The National Bank of New Zealand

The National Bank of New Zealand 

This is another of Dunedin’s wonderful historic buildings and like so many others there’s an interesting wee story to it. As a result of the Otago gold rush, the Bank of Otago was established in late 1863. The first chief executive of the bank was a 54-year old Scottish solicitor named John Bathgate who diligently set about his work with the bank in Otago and Southland upon arrival. That was until 1866 when a financial panic in London set in. Believing that banks might fail, and wanting to protect their funds, a large number of investors withdrew their money causing numerous banks to slump. One of which was the Bank of Otago. Needing a scapegoat for the failings of the bank, the London-based directors singled out John Bathgate who reluctantly agreed to resign.

Needing someone to take over the running of the bank, the directors turned to a person by the name of William Larnach. Who, at the time, was branch manager of the Bank of New South Wales in Geelong, Australia. Having moved his family to Dunedin from the Australia gold fields and needing somewhere to live, Larnach moved his family into the upstairs rooms of the bank where he worked. The Bank of Otago lasted under William Laranach until April 1873 when it was finally absorbed by the National Bank of New Zealand with the building becoming the main branch for the Bank. Originally only two stories, a new four story building was constructed on the site in 1911 and is the same one that graces Princes Street in Dunedin today. William Larnach eventually moved out of the banking business and among other things, went on to build a nice wee home on the Otago Peninsula and had a career in politics. As for John Bathgate, he too went on to become a politician, holding the position of Minister of Justice and was Commissioner of Stamps which I’m sure at the time was a very important position!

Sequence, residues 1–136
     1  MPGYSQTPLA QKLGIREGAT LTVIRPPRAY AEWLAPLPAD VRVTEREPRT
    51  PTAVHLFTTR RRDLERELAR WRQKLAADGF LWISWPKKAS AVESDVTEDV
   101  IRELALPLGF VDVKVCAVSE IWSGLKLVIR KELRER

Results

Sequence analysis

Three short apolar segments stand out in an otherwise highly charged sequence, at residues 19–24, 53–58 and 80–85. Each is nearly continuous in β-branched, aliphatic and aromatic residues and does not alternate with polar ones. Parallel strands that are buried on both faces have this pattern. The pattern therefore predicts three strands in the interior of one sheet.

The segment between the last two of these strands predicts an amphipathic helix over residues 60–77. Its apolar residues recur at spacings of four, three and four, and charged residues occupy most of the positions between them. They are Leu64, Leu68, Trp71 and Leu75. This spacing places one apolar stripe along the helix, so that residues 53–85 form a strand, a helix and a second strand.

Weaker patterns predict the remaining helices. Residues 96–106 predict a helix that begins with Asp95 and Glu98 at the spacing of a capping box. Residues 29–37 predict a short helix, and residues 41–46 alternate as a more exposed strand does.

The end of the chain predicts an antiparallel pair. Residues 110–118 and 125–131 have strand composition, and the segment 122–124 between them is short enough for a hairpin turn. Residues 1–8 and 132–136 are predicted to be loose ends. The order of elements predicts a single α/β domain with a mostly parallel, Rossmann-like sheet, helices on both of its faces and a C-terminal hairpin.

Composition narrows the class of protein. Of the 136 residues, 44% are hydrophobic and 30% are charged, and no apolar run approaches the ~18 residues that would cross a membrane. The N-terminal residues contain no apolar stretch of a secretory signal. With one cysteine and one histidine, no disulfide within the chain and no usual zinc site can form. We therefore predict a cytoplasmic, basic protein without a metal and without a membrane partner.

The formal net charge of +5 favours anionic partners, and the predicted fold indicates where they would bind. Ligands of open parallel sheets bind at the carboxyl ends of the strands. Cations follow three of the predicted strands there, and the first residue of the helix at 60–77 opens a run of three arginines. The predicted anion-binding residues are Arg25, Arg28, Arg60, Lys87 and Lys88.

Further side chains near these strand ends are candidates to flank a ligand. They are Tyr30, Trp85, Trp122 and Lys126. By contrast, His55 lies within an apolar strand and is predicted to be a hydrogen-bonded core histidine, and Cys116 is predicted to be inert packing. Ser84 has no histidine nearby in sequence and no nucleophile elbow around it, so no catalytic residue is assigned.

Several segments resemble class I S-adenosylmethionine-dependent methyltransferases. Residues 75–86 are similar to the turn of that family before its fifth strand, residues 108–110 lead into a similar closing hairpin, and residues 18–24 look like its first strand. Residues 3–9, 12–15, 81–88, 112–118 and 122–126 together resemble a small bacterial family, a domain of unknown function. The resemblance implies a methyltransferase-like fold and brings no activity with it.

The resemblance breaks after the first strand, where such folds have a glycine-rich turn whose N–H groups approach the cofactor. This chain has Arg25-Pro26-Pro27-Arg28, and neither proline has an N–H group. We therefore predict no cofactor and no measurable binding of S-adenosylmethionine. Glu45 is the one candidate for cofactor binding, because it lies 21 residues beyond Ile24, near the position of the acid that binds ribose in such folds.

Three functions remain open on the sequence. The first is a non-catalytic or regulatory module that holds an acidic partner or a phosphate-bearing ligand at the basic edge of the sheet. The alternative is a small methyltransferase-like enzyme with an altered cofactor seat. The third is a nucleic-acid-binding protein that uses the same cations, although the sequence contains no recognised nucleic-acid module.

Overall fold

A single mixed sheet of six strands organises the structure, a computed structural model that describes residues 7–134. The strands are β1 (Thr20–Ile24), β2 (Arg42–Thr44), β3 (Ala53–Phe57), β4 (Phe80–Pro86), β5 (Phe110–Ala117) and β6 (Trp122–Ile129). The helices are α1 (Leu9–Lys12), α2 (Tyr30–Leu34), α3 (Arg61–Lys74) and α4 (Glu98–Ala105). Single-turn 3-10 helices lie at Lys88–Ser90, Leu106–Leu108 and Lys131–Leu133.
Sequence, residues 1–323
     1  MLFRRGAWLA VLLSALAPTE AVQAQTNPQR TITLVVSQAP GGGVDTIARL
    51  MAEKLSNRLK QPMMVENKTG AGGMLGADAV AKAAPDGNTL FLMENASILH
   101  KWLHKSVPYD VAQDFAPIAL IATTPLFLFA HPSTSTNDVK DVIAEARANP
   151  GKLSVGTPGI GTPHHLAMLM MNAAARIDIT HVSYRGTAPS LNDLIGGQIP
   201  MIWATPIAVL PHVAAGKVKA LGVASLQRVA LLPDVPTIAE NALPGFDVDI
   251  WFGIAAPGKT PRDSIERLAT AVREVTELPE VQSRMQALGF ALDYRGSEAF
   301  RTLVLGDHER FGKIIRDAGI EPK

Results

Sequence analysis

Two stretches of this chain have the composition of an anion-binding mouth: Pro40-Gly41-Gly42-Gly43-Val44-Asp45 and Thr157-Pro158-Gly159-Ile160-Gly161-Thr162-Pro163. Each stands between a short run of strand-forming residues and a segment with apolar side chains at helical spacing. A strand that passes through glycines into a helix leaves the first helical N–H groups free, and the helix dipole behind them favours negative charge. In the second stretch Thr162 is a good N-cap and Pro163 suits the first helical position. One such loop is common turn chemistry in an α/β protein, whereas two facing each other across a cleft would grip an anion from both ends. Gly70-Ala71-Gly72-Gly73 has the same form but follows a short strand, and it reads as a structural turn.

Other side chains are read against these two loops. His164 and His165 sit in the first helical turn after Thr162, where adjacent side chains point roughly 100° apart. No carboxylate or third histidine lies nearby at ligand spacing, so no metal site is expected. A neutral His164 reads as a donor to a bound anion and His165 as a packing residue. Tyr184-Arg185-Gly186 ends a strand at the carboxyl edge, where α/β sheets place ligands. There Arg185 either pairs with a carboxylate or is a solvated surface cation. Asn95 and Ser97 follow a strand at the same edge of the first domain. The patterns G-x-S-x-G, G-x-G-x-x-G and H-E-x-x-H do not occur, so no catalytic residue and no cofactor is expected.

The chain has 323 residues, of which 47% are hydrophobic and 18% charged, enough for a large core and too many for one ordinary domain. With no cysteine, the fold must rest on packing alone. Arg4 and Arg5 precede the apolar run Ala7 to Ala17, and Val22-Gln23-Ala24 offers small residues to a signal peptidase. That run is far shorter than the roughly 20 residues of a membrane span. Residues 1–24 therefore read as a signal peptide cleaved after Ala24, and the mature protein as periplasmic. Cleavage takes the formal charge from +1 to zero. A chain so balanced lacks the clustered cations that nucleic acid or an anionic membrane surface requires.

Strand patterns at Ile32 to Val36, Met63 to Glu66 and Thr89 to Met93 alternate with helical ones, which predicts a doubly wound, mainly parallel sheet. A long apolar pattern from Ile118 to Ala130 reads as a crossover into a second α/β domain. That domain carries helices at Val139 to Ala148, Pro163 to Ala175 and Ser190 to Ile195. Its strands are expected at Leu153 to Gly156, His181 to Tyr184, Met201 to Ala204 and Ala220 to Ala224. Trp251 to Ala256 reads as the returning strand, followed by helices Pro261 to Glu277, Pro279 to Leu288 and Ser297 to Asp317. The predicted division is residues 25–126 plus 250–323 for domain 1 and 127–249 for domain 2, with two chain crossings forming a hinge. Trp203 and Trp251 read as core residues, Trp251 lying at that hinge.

One thought on “The National Bank of New Zealand”

  1. Admired because of its architecture and as such a well known part of the Exchange area when it was a very busy place

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